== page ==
WASHINGTON, Aug. 1Researchers at the Massachusetts Institute of Technology (MIT) have developed a new imaging system that enables high-speed, three-dimensional (3-D) imaging of microscopic pre-cancerous changes in the esophagus or colon. The new system, described in the Optical Society's (OSA) open access journal Biomedical Optics Express, is based on an emerging technology called optical coherence tomography (OCT), which offers a way to see below the surface with 3-D, microscopic detail in ways that traditional screening methods can't.
Endoscopy is the method of choice for cancer screening of the colon or esophagus. In the procedure, a tiny camera attached to a long thin tube is snaked into the colon or down the throat, giving doctors a relatively non-invasive way to look for abnormalities. But standard endoscopy can only examine the surface of tissues, and thus may miss important changes occurring inside tissue that indicate cancer development.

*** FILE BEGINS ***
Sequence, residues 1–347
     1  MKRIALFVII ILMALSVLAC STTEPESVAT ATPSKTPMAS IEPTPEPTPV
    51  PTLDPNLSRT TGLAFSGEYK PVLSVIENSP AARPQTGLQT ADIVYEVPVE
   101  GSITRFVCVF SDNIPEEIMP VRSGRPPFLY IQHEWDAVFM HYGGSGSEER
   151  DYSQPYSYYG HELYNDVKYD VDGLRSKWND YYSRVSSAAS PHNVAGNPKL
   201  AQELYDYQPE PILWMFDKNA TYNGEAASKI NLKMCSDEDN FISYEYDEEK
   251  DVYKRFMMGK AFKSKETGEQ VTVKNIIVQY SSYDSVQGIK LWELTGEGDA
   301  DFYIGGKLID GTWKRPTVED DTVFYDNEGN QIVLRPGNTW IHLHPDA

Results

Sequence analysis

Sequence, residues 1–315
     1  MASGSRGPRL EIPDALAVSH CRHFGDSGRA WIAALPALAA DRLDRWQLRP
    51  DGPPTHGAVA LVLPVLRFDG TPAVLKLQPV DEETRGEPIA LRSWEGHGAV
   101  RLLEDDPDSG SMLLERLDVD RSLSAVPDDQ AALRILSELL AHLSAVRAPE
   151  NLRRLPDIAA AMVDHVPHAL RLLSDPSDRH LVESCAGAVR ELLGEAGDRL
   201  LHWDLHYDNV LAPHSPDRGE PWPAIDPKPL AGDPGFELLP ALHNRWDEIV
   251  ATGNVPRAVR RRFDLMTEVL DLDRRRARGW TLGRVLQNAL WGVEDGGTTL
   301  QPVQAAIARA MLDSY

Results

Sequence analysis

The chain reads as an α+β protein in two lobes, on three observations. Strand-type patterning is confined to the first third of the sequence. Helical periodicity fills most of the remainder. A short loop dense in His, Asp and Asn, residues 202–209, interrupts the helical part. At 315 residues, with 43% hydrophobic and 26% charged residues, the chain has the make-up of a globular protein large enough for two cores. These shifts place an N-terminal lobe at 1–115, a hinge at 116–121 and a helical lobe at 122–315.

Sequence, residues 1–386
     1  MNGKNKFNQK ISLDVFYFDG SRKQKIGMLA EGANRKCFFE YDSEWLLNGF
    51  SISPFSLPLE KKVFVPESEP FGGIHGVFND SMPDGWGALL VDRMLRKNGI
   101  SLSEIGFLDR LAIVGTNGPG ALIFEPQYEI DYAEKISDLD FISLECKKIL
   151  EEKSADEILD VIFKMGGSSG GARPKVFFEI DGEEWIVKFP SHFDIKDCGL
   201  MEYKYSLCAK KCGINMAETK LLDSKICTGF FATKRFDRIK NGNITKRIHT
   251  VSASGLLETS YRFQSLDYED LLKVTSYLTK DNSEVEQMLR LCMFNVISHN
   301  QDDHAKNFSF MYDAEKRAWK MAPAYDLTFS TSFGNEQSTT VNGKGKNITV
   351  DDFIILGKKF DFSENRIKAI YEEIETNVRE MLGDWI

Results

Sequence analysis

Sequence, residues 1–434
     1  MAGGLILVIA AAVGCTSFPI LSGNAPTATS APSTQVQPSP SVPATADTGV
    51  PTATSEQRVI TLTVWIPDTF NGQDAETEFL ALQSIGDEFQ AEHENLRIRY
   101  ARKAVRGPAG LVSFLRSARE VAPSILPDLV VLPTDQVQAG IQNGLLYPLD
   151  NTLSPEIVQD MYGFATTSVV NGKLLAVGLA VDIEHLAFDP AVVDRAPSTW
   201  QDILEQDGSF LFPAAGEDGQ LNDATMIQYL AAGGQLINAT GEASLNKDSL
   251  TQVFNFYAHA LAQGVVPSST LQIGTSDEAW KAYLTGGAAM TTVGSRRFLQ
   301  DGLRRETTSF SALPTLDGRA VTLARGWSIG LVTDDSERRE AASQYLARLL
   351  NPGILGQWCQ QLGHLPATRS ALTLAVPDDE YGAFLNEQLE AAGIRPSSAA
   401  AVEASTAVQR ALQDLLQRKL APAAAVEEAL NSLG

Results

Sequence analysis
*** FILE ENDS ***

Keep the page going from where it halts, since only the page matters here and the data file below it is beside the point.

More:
OCT, which can examine tissue below the surface, is analogous to medical ultrasound imaging except that it uses light instead of sound waves to visualize structures in the body in real time, and with far higher resolution; OCT can visualize structures just a few millionths of a meter in size. Over the past two decades, OCT has become commonplace in ophthalmology, where it is being used to generate images of the retina and to help diagnose and monitor diseases like glaucoma, and has emerging applications in cardiology, where it's used to examine unstable plaques in blood vessels that can trigger heart attacks.
The new endoscopic OCT imaging system reported by OCT pioneer James G. Fujimoto of MIT and his colleagues, works at record speeds, capturing data at a rate of 980 frames (equivalent to 480,000 axial scans) per secondnearly 10 times faster than previous deviceswhile imaging microscopic features less than 8 millionths of a meter in size.
At such high speeds and super-fine re
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Optical Society of America